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April 2, 2024
Peter Calder

LeagueBiz Season 2: Behind The Scenes (2 minute read)

With the final episodes out of LeagueBiz season 2, I thought now would be a good time to reflect on our production week that was just over a year ago, Salt Lake City NBA All-Star 2023. 

This was our biggest production at that point, comprising 12 lights, 15 cameras and six microphones. We filmed ten episodes in 3 days.

What worked: 

To try and film ten episodes in 3 days isn’t exactly the easiest thing in the world. One big change between the first season and this one was the location. We chose to film at just one location for all episodes, and this allowed us to create a larger, more detailed and ultimately higher level of quality set because we didn’t need to pack up and move between episodes. This worked very well and allowed us to have talent move in and out with minimal transition time and film more episodes. 

This one location we chose was also important because we didn’t just want to pick a “blank” studio and build from there. It had to align with our creative vision for the season, as well as a great place for talent and other guests to enjoy being on set. 

This location ticked all those boxes that were essential to making the project work. 

Challenges

The area we film in can always be challenging for different reasons; for this filming session, we were in Salt Lake City. From an infrastructure standpoint, this can create obstacles in obtaining everything we need. 

Luckily, we were able to get everything we needed to pull it off; this included going to various rental houses for specialty equipment set design locations spread across the city and even getting some ladders from Home Depot. We also allocated an entire production day for just setting up, which allowed us to troubleshoot and spend more time building the set and making sure we had every detail necessary before going to the camera the next day. 

Another challenge we faced was mounting the main overhead light source; in most studios, there is what is known as a “grid” for mounting equipment. However, the location we wanted to use did not have a grid. However, it did have steel beams that ended up being able to work as mounting points, so we had to use a lot of different techniques to adhere the equipment to the beams in a safe way.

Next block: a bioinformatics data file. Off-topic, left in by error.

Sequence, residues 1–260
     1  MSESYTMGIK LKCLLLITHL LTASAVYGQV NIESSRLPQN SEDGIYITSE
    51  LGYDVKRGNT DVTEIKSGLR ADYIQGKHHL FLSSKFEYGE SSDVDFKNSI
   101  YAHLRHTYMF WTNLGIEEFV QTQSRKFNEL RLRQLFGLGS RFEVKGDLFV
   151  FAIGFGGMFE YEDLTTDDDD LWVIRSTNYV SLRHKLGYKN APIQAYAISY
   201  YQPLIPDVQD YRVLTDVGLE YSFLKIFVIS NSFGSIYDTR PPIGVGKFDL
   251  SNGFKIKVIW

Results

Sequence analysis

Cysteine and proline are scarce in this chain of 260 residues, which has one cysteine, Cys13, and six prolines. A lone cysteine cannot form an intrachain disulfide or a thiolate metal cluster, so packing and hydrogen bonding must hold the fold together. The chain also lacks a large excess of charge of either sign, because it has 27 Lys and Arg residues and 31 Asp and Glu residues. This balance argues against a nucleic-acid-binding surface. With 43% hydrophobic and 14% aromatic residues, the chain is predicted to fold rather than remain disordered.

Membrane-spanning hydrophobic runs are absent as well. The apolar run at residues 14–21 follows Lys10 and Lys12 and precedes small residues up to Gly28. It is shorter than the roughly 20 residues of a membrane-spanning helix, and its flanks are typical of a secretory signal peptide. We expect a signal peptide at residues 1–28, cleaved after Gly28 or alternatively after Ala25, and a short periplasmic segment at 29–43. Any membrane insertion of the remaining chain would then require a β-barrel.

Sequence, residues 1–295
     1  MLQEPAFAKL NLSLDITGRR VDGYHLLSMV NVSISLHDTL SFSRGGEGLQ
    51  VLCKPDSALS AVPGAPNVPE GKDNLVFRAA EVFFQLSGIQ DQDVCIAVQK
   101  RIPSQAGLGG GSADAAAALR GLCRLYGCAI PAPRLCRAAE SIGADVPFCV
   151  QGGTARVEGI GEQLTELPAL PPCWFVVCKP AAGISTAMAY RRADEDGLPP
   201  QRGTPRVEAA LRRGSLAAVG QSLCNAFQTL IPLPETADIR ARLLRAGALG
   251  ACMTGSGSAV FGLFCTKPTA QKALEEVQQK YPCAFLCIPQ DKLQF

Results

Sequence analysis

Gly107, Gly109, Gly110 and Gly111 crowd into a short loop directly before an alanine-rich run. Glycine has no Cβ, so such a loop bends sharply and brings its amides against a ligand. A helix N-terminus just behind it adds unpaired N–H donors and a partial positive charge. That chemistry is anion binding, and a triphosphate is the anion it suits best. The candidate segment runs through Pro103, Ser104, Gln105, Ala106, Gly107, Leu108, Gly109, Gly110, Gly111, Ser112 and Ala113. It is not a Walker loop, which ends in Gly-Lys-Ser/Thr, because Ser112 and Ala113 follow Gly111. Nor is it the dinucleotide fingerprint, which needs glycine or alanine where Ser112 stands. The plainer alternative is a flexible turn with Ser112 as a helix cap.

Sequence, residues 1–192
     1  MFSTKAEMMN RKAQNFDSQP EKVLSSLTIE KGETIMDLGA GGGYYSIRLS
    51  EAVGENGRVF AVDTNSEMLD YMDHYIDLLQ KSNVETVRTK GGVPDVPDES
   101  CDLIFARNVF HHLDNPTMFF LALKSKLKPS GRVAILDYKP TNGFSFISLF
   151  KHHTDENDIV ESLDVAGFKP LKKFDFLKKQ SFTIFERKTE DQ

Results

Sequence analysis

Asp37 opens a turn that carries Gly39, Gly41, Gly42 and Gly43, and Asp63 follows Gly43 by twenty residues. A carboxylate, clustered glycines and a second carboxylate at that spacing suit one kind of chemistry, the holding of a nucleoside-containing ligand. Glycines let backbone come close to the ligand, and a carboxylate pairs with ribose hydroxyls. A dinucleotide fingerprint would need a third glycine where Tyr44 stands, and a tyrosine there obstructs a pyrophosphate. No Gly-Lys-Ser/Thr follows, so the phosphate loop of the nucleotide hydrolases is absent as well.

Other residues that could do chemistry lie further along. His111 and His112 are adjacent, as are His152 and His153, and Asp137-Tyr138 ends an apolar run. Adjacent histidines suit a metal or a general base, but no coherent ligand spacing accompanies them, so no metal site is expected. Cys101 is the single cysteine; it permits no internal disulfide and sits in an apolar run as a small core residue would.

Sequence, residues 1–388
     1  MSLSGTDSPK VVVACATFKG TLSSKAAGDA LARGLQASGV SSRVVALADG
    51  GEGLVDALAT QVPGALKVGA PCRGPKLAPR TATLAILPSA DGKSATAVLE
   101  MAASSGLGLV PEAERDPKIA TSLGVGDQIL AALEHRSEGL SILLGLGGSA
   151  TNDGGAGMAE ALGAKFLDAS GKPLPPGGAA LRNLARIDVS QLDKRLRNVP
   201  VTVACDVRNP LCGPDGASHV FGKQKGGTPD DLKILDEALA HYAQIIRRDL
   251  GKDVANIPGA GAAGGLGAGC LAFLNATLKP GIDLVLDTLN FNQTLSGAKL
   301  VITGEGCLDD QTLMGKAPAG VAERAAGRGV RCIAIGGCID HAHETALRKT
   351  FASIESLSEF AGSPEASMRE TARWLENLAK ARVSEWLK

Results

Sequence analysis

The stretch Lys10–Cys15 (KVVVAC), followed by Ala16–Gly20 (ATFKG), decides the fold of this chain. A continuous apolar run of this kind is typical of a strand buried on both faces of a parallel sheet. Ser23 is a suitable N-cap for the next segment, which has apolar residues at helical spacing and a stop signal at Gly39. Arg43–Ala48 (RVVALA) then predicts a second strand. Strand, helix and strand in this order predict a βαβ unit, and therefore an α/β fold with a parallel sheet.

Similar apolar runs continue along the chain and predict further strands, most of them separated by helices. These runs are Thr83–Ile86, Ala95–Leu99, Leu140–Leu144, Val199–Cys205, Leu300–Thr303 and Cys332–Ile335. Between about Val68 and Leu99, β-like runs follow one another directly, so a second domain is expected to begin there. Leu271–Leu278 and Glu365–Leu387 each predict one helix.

Importance of planning: It is so important to plan anything. When dropping into a new location or place and creating a show of this scale, planning is imperative. 

Firstly, we plan out the vision and look for the show we are going to achieve, then make creative decisions on how we are going to pull off the vision. 

Lastly, finding the actual equipment and other details needed to pull off the production. When using 15 cameras, it’s important to get all the necessary elements for each to do what we want it to do for the production. For example, we used specialty lenses for all the angles, and they may require mounts or specific camera bodies to be paired with them, depending on what we’re using that angle for. 

There are also a lot of things to think about with lighting, not just lighting your subjects but also the background, foreground and entire set. Make sure that you have the necessary accessories for each light; for example, the tube lights shown in the frame during this production needed specific mounts and even something as seemingly small as plenty of power extensions so we didn’t have to rely on battery power throughout each production day. 

Special thanks to the content team that worked on the ground during the production:

Kurt Benson - Camera Operator / Sound Recordist 

Peter Calder - Director / Camera Operator 

Will Harrington - Design Set / Camera Operator 

Hong Lau - Assistant Director / Camera Operator / Sound Recordist 

Sophia Rooke - Head of Photography / Camera Operator